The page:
Melbourne has one of the oldest, biggest and best Chinatowns in the world and since these days Chinatown is really just a name, you’re sure to find several Korean, Thai, Burmese and our favorite, Vietnamese joints.  Here, they’re serving up hot, delicious, and unbelievably nutritious Pho.  We quickly scoured UrbanSpoon for reviews and made our way to Mekong Vietnamese by 10 am.  The sign out front alerted us we were home where it proudly advertised that “President Bill Clinton Had Two Bowls.  How many can you have?”  We sat down, the only non-Asians in the half-packed restaurant, a surefire good sign for what’s to come, and ordered our Pho Tai, the classic albeit less adventurous rice noodle soup, having only thinly sliced rare beef as opposed to the tripe, brisket and intestine versions.  I ordered my beef rare on the side as usual, as I like to cook it myself like at a hot pot in Hong Kong.  Out came the steaming beef broth, flavored perfectly with onion, cilantro, garlic and five spice, soaking up the heap of rice vermicelli below.  In went the beef, fresh bean sprouts, hot chilis, basil, sriracha, hoisin and two wedges of lemon juice to taste before the orchestrated massacre began.  Chopsticks in my right, short-handled spoon in my left, chin down, lips moistened for the added layer of protection against heat contact, eyes in zen-like meditation for the next perfect bite – the hand-eye coordination in perfect harmony – whilst the surgical strike began, and didn’t end until every last drop was gone.  In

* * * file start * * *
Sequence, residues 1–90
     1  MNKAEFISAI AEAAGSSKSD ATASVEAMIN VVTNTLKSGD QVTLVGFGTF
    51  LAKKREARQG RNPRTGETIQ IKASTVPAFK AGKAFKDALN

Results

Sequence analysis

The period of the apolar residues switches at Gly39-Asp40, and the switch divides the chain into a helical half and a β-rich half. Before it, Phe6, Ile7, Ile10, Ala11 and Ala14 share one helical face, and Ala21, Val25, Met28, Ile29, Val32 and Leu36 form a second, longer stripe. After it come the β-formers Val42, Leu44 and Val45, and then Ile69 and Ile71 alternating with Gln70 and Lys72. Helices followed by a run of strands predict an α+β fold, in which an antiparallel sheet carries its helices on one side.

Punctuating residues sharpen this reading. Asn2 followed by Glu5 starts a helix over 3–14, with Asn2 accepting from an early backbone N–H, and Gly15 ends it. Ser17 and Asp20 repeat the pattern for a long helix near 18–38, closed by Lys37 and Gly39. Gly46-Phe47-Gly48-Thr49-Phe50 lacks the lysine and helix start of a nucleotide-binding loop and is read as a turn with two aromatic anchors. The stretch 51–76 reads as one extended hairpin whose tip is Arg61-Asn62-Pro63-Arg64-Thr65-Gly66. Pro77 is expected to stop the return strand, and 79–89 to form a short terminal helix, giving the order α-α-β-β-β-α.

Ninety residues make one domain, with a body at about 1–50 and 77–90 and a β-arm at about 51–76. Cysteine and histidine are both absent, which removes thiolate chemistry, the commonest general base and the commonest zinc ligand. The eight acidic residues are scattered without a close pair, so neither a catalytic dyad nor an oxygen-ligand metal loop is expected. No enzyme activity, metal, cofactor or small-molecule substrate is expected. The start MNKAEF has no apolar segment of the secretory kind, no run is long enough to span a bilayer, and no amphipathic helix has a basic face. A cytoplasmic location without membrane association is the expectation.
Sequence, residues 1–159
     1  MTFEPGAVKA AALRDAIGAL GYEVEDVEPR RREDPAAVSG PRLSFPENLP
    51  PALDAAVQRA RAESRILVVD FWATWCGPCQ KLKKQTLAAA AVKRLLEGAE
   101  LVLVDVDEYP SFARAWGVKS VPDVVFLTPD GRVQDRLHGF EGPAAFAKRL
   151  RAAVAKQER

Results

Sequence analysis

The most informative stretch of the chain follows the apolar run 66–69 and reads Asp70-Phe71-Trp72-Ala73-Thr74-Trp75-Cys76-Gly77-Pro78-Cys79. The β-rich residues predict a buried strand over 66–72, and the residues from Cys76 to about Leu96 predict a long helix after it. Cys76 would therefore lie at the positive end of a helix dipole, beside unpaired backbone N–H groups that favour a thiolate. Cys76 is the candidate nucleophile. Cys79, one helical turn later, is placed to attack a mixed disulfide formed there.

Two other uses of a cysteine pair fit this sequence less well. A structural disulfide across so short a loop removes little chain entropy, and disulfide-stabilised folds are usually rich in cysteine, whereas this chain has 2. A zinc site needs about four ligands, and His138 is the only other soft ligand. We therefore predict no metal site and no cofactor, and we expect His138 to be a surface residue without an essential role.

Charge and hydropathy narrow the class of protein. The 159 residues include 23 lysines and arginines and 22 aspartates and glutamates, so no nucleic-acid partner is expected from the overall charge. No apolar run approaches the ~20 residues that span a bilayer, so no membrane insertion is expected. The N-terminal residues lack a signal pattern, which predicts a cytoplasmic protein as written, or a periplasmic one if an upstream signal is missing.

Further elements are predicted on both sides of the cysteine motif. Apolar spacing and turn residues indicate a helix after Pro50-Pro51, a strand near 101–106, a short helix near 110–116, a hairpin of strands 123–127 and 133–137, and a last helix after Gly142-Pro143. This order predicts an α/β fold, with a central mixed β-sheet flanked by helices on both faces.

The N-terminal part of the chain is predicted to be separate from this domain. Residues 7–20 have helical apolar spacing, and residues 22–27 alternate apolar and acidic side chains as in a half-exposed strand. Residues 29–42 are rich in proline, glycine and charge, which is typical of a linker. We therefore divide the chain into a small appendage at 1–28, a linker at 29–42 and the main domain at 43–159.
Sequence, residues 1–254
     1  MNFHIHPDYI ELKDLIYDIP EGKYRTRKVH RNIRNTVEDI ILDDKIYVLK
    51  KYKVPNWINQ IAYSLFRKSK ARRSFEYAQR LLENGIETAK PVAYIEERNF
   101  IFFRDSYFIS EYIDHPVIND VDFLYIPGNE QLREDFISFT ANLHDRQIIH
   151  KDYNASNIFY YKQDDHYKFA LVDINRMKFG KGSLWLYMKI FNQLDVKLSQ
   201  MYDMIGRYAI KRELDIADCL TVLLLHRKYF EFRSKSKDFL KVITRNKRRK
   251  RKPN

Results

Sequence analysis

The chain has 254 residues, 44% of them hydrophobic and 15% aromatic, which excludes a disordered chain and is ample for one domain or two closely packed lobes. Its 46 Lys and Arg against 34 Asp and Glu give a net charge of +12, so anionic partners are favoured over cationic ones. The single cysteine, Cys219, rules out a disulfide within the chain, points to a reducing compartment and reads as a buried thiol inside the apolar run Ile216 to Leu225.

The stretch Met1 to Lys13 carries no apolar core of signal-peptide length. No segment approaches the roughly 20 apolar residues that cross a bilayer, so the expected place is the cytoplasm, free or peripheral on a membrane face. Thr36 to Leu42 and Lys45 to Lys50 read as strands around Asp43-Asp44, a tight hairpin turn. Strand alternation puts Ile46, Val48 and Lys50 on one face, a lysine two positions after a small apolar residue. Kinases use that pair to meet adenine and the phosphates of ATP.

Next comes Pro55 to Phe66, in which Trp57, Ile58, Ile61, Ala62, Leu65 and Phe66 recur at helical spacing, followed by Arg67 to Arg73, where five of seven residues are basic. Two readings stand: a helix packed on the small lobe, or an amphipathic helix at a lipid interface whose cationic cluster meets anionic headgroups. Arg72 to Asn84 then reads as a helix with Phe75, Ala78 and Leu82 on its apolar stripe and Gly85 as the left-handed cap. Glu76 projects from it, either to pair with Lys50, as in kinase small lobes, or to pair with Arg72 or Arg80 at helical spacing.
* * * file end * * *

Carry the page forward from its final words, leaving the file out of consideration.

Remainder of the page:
A Slice of Queen Victoria Market

between slurps and mmm’s, Erin and I smile at each other with our eyes, both knowing this is exactly what we needed and what we had so sorely missed.  It’s a perfect meal for any occasion and at $8, a great value in typically over-priced Australia.  Plus, slick Willy had two bowls here.  No wonder he was a lard-ass.  We were dreadfully full after one bowl but more importantly, were already starting to think about lunch.